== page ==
Q: I have read about the use of tobacco tea as a biological pesticide.
The Internet has several sites that explain how to make tea with tobacco leaves or with cigarette butts. Once the tea is brewed, add some dish soap and spray on the plants to kill all kinds of insects, including some of the hardest to kill like squash bugs.
I’m a smoker so this seems like a good use for cigarette butts. My question is how safe is this spray for beneficial insects?
A: I would not recommend the use of tobacco tea as a pesticide for three reasons.
First, the nicotine found in tobacco is one of the most toxic substances produced by plants.
According to the National Library of Medicine Archives of Toxicology, nicotine has an LD50 of 6.5 mg/kg, which makes it twice as toxic as arsenic. If tobacco tea were sold as a pesticide, it would have to have a “Danger Poison” label.
Since nicotine can be absorbed through the skin, spilling even a small amount of tobacco tea on your skin could make you sick, depending on the strength of the tea.
The second reason I wouldn’t recommend using tobacco tea is that it is a non-selective pesticide. This means that it kills most insects that come into contact with the spray; even beneficial insects like bees and ladybugs. There are many other insecticides on the market that are more selective and less harmful to beneficial insects.
The third reason not to use tobacco tea in your garden is that tobacco can spread tobacco mosaic virus. TMV can infect a wide range of plant species; tomatoes, peppers and cucumbers are particularly sensitive. Many tobacco products, especially if they contain air-cured tobacco, carry TVM.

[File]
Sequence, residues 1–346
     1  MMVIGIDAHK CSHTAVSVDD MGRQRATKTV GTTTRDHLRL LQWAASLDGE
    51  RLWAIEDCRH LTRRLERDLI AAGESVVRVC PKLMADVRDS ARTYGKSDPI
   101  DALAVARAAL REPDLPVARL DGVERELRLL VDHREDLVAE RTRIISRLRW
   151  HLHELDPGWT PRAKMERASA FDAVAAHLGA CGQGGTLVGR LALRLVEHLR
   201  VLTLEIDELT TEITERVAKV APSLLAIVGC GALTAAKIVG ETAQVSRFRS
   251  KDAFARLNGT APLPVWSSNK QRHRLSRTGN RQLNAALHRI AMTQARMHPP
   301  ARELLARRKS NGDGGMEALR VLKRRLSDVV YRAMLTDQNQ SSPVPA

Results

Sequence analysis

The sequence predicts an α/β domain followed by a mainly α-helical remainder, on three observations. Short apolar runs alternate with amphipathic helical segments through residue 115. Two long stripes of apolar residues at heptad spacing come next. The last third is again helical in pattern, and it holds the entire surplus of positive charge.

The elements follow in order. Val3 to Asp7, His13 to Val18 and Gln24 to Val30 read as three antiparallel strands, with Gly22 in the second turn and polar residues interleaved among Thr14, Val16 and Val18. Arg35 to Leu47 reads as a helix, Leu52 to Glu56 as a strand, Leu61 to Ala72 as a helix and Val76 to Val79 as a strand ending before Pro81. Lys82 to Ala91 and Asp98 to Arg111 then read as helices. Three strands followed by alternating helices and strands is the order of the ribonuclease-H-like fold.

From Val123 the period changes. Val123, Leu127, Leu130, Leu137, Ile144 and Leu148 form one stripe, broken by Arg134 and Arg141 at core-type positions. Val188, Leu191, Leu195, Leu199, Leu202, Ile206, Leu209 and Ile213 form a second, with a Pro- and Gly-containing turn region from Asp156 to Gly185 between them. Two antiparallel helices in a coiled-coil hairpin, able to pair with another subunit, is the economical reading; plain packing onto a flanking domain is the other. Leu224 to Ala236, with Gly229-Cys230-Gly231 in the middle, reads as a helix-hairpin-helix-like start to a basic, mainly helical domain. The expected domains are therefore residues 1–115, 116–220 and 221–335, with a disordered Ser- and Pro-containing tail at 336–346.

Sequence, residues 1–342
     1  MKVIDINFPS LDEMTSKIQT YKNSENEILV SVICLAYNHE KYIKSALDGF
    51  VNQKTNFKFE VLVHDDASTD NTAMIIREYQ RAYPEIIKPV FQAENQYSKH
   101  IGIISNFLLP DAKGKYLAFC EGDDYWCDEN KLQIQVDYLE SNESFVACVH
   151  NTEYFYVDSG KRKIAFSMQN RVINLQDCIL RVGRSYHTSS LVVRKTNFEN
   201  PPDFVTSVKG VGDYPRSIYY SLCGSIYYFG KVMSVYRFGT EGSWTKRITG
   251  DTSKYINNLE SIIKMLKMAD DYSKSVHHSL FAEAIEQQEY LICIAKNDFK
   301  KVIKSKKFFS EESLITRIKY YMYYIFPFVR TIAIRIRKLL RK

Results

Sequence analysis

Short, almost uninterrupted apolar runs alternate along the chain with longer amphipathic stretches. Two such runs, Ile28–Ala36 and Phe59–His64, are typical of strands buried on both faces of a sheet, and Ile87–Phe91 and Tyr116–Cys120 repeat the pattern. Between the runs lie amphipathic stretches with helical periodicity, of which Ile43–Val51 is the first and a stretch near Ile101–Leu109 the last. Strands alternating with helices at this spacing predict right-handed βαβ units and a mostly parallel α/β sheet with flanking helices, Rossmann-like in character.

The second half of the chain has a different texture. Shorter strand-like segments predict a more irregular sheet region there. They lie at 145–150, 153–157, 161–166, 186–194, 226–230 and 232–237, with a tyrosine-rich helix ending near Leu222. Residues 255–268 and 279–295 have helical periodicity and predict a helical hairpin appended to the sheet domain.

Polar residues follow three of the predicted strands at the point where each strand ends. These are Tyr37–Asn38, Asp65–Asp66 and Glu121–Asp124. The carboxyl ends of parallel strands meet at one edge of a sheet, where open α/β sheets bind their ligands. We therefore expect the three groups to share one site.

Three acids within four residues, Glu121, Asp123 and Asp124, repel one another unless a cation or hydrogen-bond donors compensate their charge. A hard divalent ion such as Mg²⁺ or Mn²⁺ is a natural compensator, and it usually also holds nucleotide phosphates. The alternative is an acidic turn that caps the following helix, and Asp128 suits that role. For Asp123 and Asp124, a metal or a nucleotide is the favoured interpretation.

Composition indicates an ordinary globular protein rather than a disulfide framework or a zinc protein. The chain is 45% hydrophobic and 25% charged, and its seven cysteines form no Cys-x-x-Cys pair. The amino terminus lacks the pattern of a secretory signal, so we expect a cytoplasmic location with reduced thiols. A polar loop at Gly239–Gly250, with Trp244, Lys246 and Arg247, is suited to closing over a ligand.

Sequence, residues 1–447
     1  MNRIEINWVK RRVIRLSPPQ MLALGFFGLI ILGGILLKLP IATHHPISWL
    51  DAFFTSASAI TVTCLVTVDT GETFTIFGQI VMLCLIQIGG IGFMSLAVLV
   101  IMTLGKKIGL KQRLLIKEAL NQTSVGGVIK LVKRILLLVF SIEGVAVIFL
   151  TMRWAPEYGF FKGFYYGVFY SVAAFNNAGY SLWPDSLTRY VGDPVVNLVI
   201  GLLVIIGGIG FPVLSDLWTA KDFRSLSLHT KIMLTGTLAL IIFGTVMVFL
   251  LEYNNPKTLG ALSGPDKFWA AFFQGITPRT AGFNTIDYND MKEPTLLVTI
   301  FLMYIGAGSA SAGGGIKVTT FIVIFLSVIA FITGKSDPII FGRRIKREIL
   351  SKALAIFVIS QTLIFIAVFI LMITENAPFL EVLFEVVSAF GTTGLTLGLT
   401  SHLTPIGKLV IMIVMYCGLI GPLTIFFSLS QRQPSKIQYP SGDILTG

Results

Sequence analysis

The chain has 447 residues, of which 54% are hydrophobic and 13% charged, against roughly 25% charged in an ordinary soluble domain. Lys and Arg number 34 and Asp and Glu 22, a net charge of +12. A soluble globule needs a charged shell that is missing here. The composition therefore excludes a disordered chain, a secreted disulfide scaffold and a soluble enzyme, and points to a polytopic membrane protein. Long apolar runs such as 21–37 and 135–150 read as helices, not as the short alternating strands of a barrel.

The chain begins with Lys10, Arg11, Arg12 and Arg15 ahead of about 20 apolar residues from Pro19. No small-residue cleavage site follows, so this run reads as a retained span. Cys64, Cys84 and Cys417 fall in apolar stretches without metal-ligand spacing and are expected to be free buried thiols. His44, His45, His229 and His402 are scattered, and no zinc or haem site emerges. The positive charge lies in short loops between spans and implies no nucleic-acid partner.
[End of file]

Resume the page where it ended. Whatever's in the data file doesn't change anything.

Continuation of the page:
The virus is usually spread from plant to plant via “mechanical” wounds caused by the contaminated hands or clothing of tobacco smokers, and by tools used on infected plants such as pruning shears.
TMV is highly infectious because the virus is present in very high concentrations in most plant cells, so only minute amounts of plant material can carry the virus. When plants are handled, the tiny leaf hairs and some outer cells are inevitably damaged and the sap drips onto hands, tools and clothing, allowing the virus to enter the plant. Spraying tobacco tea can also spread the virus to garden plants if the plants have wounds from chewing insects, wind, or human handling.
Symptoms of VMT vary depending on the host plant, age of infected plants, and various environmental conditions. The most common symptoms include plant stunting, mottled leaf spots, leaf curling, and yellowing of leaves and stems.
Once the plant is infected with the virus, there is no cure and infected plants should be immediately removed from the garden and placed in the trash. Do not put them in a compost heap or in green waste, as high temperatures do not kill this virus.
The Shasta Master Gardeners Program can be reached by phone at 530-242-2219 or by email [email protected]. The Gardener’s Office is staffed by volunteers trained by the University of California to answer questions from gardeners using information based on scientific research.